Doctor of Philosophy
Education, Educational Leadership & Policy Studies
Date of Defense
Dr. Kathleen Haywood
Dr. Paulette Isaac-Savage
Dr. Wolfgang Althof
Dr. Terry Cook
There is documented success with the use of active learning strategies in community college classrooms, yet instructors lack the necessary skills and incentives to develop these strategies. While faculty members may have an expertise in a particular discipline they often lack the necessary skills to recognize the specific academic needs of a student and respond and/or adapt to those needs. Many specialized degrees do not include pedagogical training as part of the required curriculum but community colleges are typified by diversity in student backgrounds and learning styles. This has led to increased attention to the implementation of a diverse array of teaching strategies.
The purpose of this study was to document the experiences of those who have made the transition from lecture-based teaching to using more non-traditional methods in the community college classroom and to identify the challenges experienced during that transformation. How did this transformation impact the faculty members’ teaching strategies? This qualitative study utilized the method of thematic analysis in order to interpret the data obtained from interviews of faculty members who have changed their method of teaching from lecture to other non-traditional methods with focus on the factors that played a role in the decision to change their teaching methods.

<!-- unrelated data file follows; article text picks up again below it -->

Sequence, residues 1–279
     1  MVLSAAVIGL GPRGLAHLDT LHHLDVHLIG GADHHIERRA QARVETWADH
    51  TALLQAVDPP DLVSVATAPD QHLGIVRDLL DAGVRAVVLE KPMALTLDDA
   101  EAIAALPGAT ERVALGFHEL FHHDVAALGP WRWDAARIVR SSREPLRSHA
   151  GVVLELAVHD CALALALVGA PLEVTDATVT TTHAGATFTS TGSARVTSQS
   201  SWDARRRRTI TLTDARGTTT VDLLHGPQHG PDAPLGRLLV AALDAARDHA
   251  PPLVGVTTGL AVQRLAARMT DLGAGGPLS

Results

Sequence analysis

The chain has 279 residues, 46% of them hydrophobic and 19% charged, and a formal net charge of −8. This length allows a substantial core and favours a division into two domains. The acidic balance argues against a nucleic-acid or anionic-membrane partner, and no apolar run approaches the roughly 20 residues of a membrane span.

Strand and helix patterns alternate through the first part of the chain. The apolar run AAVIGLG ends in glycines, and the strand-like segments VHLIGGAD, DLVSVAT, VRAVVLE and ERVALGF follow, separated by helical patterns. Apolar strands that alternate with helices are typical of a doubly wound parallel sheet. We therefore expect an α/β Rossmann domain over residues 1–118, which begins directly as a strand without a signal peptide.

It was found that faculty members who made the decision to transition from traditional methods of instruction to more non-traditional methods were motivated by an intrinsic desire to engage students. Additionally, comprehensive professional development as well as ongoing and frequent support for faculty members may contribute to a lasting and meaningful change in classroom instruction.
Calentine, Christina, "The Experience of Faculty Transitioning From Traditional to Non-traditional Methods in the Community College Classroom" (2020). Dissertations. 918.